Governor vetoes dollars for Lake Sammamish State Park

May 15, 2012

By Warren Kagarise

Cheryl Pflug

Questions about long-term funding for a proposed concession and event facility at Lake Sammamish State Park led Gov. Chris Gregoire to eliminate the $3.1 million legislators had set aside for construction.

The long-term plan for the state park included the concession and event facility as a supplement to the aging amenities at the lakeside destination. Officials questioned a plan from the cash-strapped state parks system to pay for the facility.

The governor struck the state park facility from the supplemental capital budget. The document authorized more than $1 billion in public works spending statewide, including a $4 million project to replace a problem-plagued Issaquah Salmon Hatchery dam.

Gregoire signed the supplemental capital budget April 24.

State Sen. Cheryl Pflug, a Maple Valley Republican and the representative for Issaquah, joined other senators to pressure the governor to preserve funding for the state park facility, but also raised questions about long-term funding.

The plan to fund the proposed state park facility included $1 million from long-term bonds. Gregoire vetoed the project due to concerns about the facility not generating enough revenue to cover initial operating costs and bond-related debt.

Pflug said the Washington State Parks and Recreation Commission estimated the cost of paying off the bonds at $170,000 per year against $250,000 in projected revenue per year.

“Is the parks commission saying the concession facility would generate $250,000 in new revenue, or is that $250,000 already being derived from current fees, with no allowing for the additional revenue from the concession facility?” she asked in a statement. “We need those answers, and more — like why the projected annual surplus of $80,000 is not adequate. How much overhead is being attributed to this facility?”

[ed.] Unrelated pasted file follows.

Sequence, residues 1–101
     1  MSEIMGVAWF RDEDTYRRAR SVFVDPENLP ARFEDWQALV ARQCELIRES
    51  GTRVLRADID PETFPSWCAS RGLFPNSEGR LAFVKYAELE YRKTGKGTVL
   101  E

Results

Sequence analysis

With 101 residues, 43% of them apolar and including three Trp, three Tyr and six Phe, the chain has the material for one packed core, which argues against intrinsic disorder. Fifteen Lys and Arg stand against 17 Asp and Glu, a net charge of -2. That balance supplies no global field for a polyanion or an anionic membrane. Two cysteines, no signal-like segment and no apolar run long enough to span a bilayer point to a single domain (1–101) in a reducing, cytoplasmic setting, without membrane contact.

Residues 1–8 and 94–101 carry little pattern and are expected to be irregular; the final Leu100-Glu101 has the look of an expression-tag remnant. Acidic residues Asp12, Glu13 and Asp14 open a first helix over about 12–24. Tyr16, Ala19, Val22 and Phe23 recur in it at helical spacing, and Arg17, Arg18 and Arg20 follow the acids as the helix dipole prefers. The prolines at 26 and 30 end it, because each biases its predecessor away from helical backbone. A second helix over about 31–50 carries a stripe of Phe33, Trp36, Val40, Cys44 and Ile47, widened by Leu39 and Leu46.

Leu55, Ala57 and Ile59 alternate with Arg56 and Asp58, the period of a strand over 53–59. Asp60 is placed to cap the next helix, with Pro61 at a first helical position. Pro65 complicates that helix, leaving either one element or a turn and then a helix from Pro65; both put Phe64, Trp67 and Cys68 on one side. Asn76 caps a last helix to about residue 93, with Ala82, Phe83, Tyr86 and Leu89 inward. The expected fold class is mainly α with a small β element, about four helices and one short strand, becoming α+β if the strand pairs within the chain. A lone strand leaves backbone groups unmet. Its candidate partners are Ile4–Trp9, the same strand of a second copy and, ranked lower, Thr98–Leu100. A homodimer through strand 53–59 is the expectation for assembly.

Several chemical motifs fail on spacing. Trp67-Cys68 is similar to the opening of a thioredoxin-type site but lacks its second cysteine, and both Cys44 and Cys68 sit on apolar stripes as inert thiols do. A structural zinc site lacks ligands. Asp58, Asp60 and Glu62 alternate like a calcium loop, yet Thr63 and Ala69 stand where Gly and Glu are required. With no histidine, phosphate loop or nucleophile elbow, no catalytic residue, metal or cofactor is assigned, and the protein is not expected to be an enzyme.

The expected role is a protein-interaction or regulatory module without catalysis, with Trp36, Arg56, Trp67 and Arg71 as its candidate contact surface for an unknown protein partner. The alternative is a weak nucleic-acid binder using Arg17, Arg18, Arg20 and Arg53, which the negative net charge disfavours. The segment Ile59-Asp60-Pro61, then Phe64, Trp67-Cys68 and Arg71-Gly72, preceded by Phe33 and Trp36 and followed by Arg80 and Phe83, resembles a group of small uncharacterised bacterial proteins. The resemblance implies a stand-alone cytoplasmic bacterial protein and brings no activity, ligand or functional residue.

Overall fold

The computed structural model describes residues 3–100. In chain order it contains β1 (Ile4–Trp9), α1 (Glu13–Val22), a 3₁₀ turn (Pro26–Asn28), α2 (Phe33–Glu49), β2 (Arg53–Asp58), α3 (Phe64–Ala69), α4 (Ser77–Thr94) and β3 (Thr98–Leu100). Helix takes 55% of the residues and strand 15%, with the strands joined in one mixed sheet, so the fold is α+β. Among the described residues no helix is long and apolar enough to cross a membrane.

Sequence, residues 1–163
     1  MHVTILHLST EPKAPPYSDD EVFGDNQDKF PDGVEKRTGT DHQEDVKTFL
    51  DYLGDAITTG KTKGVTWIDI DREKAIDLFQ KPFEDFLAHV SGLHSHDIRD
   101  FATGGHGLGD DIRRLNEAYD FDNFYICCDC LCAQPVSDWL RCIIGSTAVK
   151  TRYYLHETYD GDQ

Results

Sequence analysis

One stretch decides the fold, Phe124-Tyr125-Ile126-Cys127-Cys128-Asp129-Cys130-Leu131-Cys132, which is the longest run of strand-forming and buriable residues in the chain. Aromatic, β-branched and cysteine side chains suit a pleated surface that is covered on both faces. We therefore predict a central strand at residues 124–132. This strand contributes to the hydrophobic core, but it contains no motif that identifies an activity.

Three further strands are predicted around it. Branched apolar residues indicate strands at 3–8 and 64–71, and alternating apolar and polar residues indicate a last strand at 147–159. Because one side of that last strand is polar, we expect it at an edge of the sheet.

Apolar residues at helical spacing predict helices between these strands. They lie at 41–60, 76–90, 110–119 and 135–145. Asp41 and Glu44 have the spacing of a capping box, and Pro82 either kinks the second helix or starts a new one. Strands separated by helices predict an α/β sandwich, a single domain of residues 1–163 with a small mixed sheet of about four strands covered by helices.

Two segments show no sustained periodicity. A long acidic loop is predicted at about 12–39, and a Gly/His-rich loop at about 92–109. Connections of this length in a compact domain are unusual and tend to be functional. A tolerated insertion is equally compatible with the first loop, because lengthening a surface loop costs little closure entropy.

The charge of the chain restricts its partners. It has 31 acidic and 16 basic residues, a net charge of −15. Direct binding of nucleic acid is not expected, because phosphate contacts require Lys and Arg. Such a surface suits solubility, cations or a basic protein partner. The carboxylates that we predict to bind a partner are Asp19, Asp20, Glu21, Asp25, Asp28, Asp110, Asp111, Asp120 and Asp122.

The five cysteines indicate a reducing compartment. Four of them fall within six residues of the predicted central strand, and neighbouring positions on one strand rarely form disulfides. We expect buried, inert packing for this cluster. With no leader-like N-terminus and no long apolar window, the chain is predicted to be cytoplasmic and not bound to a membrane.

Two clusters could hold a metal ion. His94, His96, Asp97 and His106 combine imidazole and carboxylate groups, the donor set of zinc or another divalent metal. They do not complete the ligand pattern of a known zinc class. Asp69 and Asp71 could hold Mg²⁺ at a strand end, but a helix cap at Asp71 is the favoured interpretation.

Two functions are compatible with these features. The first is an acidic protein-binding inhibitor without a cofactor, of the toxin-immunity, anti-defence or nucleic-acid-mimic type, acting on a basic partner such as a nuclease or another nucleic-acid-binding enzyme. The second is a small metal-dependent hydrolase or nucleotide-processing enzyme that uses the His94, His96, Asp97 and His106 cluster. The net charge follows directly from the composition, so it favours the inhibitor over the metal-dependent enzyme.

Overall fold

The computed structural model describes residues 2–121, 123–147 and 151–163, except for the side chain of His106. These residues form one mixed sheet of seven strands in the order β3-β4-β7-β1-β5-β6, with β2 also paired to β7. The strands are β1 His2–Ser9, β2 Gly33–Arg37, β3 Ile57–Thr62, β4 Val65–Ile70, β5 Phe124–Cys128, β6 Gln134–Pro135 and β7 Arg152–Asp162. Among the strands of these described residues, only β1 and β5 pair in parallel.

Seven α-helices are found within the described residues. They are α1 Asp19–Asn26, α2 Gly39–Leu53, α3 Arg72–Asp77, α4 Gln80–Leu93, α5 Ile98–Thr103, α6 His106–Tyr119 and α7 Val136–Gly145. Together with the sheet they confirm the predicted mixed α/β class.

Legislators created the Discover Pass, a $30 annual recreation pass, last year to generate revenue for the state parks system and other agencies responsible for state lands.

“We’re in a really tight spot,” commission spokeswoman Virginia Painter said. “We’re depending upon Discover Pass sales to make our budget happen — to make operations continue and so forth — and there’s a question about what kind of horsepower do we have or what kind of capacity do we have to pay a loan like this?”

Pflug raised concerns about revenue from the Discover Pass and other user fees at the state park to pay off the facility.

“That’s my concern, is that the $250,000 is actually existing revenue and they weren’t actually figuring in what the new concession would be, that they were wanting to use the existing revenue to tide them over,” she said in a later interview.

Pflug voted against legislation to create the Discover Pass, but in the 2012 legislative session she cosponsored a measure to make the pass transferable between vehicles. (The transferability legislation later passed and Gregoire signed the measure into law.)

“I’ve been pretty reluctant to see that as a good idea anyway, because it is kind of that last bastion of family activity that doesn’t have to cost an arm and a leg,” she said in the interview.

“This isn’t over yet. Our community has contributed a lot of money and labor to building and maintaining recreational enhancements at Lake Sammamish State Park. We also drive a fair amount of revenue in the form of current use fees,” Pflug said in the statement. “The parks commission had better think again if it believes it can thank us for our donation and siphon all the funds off to pay for other facilities.”

Meanwhile, Gregoire approved funding for a project to demolish the aging dam upstream from the Issaquah Salmon Hatchery and add boulder weirs in Issaquah Creek.

The shelf-like apron on the dam blocks adult salmon attempting to migrate upstream to spawn. The fish, marooned on the structure, die in large numbers on the dam each year.

The project, a long-held priority for local and state leaders and environmentalists, could start as soon as next spring.

“This is great timing,” city Surface Water Manager Kerry Ritland said in a statement. “We are just finishing up the design plans now, so the project will be shovel-ready.”

Warren Kagarise: 392-6434, ext. 234, or Comment at

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